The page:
2017 Audi RS3 Sedan Drive Review

2017 Audi RS3 Sedan Drive Review
- Audi hatchback RS3 first version was launched in 2011, as a Europe special edition, second made its debut in 2015, now this new sedan variant has coincided with a switch to the same aluminum-block turbocharged 2.5-liter inline-five

- 400-hp output is pretty much exactly the right amount

- the 2.5-liter straight-five offers much better drivability, 354 lb-ft is available from 1700 to 5850 rpm

- no sheetmetal changes, a new lower air intake beneath the snarling radiator grille, sizable sill extensions and a rear bumper and diffuser package

- the RS3 pumps iron in front of a full-length mirror and has a medicine cabinet full of steroids

- standard 19-inch pieces

- a chunkier sports steering wheel, adult-viable space in the rear, microsuede door-panel inserts, quilted leather seats

- Audi’s Virtual Cockpit digital instrument screen will be available in the U.S.

- the RS3 sedan drives impressively well, the engine odd cylinder count and its 1-2-4-5-3 firing order gives the RS3 a compelling aural character

- 19.8-psi peak boost, there’s plenty of torque at lower revs, there’s also a noticeable hesitation as the boost pressure builds

- the RS3 only with a seven-speed dual-clutch automatic

- gearbox works well, smoothing shifts nicely when left in drive, the Drive Select system to choose more aggressive Dynamic mode

. shift paddles behind the steering wheel lack heft and feel like the cheap plastic they are

- a clutch pack at the yoke of the rear differential to deliver torque at the back when required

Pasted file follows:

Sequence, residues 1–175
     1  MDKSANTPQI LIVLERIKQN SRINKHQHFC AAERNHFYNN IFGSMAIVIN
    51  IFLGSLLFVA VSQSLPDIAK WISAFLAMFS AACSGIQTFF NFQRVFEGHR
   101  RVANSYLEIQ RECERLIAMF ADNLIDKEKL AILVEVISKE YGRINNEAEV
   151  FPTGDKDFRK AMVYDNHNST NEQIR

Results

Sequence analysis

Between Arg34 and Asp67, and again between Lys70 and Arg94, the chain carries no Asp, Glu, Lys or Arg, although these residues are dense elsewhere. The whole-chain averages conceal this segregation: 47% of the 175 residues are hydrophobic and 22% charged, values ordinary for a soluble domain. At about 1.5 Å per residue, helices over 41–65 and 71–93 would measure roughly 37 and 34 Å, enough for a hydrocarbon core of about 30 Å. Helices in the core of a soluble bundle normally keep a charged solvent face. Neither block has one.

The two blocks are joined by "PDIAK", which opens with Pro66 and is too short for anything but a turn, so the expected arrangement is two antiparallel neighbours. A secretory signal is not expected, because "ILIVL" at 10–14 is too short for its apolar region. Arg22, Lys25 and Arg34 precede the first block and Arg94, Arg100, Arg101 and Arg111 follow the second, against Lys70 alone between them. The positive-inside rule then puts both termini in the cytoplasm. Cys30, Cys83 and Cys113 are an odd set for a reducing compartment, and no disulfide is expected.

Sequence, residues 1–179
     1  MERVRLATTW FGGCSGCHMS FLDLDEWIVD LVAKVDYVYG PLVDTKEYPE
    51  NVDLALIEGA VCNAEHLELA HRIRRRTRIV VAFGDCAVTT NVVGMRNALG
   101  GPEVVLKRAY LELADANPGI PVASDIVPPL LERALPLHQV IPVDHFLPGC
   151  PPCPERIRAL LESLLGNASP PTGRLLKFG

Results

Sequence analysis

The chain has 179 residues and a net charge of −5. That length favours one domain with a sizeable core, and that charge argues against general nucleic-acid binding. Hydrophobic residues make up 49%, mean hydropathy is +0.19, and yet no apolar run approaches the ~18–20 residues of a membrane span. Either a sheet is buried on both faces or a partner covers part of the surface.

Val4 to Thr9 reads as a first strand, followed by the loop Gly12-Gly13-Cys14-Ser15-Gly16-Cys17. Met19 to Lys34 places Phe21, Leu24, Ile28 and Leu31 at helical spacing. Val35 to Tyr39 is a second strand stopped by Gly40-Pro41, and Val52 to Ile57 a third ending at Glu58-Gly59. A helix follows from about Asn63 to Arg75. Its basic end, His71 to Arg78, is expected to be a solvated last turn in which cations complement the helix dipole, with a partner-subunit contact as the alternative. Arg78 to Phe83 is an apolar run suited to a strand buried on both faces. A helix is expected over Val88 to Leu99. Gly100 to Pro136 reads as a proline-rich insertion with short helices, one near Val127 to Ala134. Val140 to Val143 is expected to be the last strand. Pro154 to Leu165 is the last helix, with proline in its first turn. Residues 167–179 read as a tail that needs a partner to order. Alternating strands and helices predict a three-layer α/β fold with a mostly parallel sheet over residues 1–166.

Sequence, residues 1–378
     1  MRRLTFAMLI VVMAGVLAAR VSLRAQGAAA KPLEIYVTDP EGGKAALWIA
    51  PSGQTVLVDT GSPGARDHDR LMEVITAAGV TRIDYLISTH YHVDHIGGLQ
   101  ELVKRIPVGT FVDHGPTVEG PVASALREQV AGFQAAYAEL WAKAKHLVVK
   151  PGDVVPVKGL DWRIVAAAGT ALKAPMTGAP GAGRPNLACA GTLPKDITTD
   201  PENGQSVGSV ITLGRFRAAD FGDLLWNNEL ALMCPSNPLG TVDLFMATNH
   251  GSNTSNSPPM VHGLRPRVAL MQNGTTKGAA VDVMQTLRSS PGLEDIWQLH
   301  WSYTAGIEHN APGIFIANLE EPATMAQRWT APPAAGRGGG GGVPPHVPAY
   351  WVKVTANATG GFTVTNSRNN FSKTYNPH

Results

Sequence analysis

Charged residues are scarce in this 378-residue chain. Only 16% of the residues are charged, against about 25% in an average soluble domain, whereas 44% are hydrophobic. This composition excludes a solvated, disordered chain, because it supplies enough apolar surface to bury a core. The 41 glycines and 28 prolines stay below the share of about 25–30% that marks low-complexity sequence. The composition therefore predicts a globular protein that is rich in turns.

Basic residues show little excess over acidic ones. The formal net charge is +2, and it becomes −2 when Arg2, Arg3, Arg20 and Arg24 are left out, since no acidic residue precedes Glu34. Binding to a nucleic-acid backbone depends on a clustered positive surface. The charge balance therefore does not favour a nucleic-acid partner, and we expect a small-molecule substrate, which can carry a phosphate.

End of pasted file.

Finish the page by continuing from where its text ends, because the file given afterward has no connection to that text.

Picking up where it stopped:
- unique software and a faster-acting high-pressure pump to help sharpen its responses and to make the car feel more rear-biased

- the new aluminum-block engine is 57 pounds lighter than the iron-block unit in the last car

- available reverse-staggered tires give a little more lateral grip to the front end than to the rear

- on lower-grip surfaces, the system could be felt sending torque rearward, never to the extent of making this Audi feel rear-driven but maximizing traction and trying hard to keep the car on course

- little slides during aggressive cornering with full confidence that the drivetrain will pull the car straight

- carbon-ceramic brakes, fitted carbon-ceramic rotors only to the front axle, with the rear still using conventional cast-iron rotors

- ride quality felt a good deal more compliant than that of the TT RS

- adaptive dampers will be standard in the U.S.

- the decision to send us the RS3 sedan is proof that Audi Sport sees America as being vital to its growth plans but without the hatchback version

- expect it will be around the $60,000 mark, a huge amount to pay for a compact Audi

Starting Price $60,000
Vehicle Type 4 door sedan, front engine, all wheel drive
Engine turbocharged, intercooled DOHC 20-valve inline-5, port and direct fuel injection
Transmission 7-speed dual-clutch automatic, manual shifting mode
Horsepower 400 hp @ 7000 rpm
Torque 354 lb-ft @ 1700 rpm
Displacement 151 cu in, 2480 cc
Wheelbase 103.6 in
Length 176.3 in
Width 70.9 in
Height 55.0 in
Curb weight 3650 lb
Passenger volume 87 cu ft
Cargo volume 10 cu ft
0-60 mph 3.9 sec
0-100 mph 9.9 sec
Top speed 155-174 mph
Fuel economy (city/highway) 17/24 mpg
Pros fantastic sound, better engine
Cons pricey, no hatchback for U.S., chintzy shift paddles